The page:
Fortification to come under EU law
regulation of the addition of vitamins, minerals and other
substances to foods, designed to allow free trade of fortified
foods in the European community.
The European Commission yesterday published a proposal for regulation of the addition of vitamins, minerals and other substances to foods, designed to allow free trade of fortified foods in the European community.
The regulation includes a list of approved vitamins, minerals and other substances that can be added to foods. It is also likely to include a list of substances prohibited from foods. A preliminary draft of the regulation listed kava, nicotine and St John's wort under this category, while both taurine and guarana were classified as 'under community scrutiny'. These suggestions have been removed from the published proposal.
The Commission's basic impact assessment declares that the regulation will offer industry room for innovation and competition at an international level. It will also allow monitoring of fortified foods and the possibility to take action if a fortified food poses risk to consumer health.
The food industry voiced strong support for the regulation. The European Breakfast Cereal Association (CEEREAL), which has long argued in favour of a harmonised legal framework for fortified foods, welcomed the proposal. The addition of vitamins and minerals to breakfast cereals has been carried out for several decades and the regulation will allow manufacturers to respond to consumer demand across the EU.
The CIAA (Confederation of the Food and Drink Industries of the EU) called the proposal "a positive step toward the creation of a real single market for fortified foods".
"The forthcoming regulation on the addition of vitamins and minerals to foods should encourage research and innovation efforts in the food and drink industry to enable it to better respond to evolving lifestyles and allow all Europeans to benefit from this," said Jean Martin, president of the CIAA.
The proposal has been extended to include 'other substances' often added to food - such as herbal extracts, proteins and amino acids - which would be assessed for safety by the European Food Safety Authority (EFSA), the independent scientific body which advises the European Commission. This however caused concern for the CIAA.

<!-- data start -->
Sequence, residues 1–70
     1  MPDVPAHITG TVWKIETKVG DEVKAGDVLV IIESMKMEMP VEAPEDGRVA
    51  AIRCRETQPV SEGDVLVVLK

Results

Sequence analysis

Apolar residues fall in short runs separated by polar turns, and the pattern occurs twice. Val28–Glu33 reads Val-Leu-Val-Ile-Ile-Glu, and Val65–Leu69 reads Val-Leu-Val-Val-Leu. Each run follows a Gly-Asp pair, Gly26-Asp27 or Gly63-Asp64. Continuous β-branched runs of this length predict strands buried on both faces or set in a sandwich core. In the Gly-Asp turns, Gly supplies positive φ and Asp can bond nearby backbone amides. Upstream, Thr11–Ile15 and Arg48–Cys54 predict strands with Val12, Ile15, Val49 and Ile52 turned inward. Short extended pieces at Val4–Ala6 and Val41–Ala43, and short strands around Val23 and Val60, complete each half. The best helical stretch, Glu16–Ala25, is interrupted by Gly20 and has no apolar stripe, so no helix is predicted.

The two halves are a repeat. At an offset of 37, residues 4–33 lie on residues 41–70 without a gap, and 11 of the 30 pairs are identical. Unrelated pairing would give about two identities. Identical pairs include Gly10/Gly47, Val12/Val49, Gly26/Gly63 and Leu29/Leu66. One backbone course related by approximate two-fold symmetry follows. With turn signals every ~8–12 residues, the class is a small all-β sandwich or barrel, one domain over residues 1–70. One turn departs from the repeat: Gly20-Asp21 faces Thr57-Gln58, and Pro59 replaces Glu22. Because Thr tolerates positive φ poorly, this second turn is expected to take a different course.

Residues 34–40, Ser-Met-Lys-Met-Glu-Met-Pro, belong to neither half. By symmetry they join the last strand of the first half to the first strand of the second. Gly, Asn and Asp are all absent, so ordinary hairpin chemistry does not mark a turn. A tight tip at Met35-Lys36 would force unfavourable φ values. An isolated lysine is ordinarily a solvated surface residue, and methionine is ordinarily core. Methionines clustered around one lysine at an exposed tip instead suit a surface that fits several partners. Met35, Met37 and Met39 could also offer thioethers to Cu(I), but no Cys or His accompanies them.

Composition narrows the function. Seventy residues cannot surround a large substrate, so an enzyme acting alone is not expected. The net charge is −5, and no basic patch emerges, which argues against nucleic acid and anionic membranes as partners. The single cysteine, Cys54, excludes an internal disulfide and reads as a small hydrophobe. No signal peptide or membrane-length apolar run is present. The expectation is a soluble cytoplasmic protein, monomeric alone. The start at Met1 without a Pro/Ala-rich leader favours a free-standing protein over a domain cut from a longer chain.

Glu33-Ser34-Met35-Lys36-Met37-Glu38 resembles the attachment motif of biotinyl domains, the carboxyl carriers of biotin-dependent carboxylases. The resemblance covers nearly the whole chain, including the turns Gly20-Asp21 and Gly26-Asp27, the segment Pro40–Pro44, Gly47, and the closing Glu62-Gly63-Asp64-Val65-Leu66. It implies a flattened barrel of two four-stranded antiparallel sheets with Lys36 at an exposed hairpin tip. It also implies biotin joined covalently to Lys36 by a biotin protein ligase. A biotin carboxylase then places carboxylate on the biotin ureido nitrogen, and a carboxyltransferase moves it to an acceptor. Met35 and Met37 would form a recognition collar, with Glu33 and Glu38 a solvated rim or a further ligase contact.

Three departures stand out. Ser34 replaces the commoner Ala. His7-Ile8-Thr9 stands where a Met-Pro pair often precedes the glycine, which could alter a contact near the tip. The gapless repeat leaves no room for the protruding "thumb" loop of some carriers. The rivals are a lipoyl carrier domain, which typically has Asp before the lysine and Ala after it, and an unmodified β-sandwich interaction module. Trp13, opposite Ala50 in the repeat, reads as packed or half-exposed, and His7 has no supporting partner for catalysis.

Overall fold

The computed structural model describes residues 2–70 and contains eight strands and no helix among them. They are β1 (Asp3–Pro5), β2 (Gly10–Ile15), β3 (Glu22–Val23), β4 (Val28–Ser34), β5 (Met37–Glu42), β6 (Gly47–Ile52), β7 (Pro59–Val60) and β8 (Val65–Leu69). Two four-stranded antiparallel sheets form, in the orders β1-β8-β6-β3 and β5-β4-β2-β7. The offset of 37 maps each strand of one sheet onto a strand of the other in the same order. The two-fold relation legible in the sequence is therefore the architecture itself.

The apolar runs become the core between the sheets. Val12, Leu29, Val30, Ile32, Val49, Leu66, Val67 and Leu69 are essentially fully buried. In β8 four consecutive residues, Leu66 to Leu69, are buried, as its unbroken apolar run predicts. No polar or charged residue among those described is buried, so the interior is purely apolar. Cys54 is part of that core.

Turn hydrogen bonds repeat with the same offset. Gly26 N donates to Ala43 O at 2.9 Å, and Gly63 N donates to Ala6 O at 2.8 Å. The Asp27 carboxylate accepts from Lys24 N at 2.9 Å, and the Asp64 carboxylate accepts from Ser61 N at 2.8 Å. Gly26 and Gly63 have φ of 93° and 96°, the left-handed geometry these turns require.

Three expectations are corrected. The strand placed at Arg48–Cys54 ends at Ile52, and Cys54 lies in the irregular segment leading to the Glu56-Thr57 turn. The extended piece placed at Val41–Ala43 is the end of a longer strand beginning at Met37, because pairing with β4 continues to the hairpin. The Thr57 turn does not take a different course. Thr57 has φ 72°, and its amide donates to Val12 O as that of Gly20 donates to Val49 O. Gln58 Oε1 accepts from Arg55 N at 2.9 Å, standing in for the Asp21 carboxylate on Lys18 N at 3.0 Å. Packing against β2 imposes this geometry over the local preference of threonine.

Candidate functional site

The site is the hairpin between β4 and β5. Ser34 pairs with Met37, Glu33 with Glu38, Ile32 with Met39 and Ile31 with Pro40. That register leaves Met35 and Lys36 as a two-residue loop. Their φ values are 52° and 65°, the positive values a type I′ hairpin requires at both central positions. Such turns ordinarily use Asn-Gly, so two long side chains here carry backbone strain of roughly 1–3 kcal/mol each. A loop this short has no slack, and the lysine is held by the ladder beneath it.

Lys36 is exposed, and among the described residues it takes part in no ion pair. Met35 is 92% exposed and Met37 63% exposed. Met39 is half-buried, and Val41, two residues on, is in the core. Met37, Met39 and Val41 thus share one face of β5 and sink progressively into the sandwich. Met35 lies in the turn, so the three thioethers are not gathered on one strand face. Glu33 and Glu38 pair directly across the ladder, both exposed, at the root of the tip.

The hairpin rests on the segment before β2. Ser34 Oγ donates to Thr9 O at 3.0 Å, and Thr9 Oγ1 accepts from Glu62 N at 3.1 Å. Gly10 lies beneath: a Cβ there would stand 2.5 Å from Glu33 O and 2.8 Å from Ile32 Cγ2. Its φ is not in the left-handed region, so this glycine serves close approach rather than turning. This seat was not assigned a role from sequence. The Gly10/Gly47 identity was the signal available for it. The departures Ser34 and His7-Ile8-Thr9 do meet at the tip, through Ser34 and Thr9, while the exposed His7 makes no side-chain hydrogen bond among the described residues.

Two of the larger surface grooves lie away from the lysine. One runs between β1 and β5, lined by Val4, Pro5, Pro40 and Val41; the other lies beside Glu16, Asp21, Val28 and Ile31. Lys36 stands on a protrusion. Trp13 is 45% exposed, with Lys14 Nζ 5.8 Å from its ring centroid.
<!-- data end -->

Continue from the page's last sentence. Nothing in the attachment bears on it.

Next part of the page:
"Even though the CIAA is aware of the need to establish a legalframeworkfor all other substances, it fears that the extension of the text toothersubstances could hold up harmonisation for the addition of vitaminsandminerals, given the legal instruments and authorisation procedures areinessence very different," the association noted in a release.
David Byrne, the European Commissioner for Health and Consumer Protection, pointed to the safety to be guaranteed by the new laws but a reference to vitamin overdose in the Commission release grabbed media attention in the Netherlands. National papers focused on his example of large amounts of vitamin A, not recommended for pregnant women or people with liver disease.
"The Dutch media leapt on this occasion to present the dangers of vitamins and also confused vitamins used for fortification with supplements. We have issued information to clear this confusion up," said Andrea Vuuren from the Netherlands Natural Health Products Association.
The proposed regulation will also set the criteria for establishing minimum and maximum levels for the different nutrients added to food. These levels would be set by the European Commission and government experts in the framework of the Standing Committee on the Food Chain and Animal Health based on independent scientific advice provided by EFSA. For the sake of transparency, a 'Community Register' will be established and regularly updated with permitted vitamins and levels.
All foods with added nutrients will be required to be labelled, increasing the information currently available to consumers about their nutritional value. Foods will also be subjected to the same nutritional profiling described in the forthcoming health claims regulation.This means that foods not considered 'healthy' can not be fortified with nutrients. Numerous groups reacted to this in the health claims proposal, including CIAA and the British Nutrition Foundation. Further clarification will be necessary on this issue.
"Such restrictions are based on health considerations like the increasing incidence of obesity and of other chronic diseases for which diet is emerging as a very important factor. However they concern a very limited number of products to which vitamins and minerals are added today," noted the Commission's impact assessment.
It continued that food manufacturers are aware of their important role in shaping dietary habits of the population and are expected to adapt to such regulation.
Fortification would not be permitted in foods considered to pose a risk to consumers, such as alcoholic drinks, and nutrients cannot be added to fresh food such as fruit, vegetables or meat.
The proposal also covers replacement of nutrients lost during storage and manufacturing or production of substitute foods such as margarine.
The first reading by the European Parliament will take place next spring, with regulation likely to come into effect at least two years later.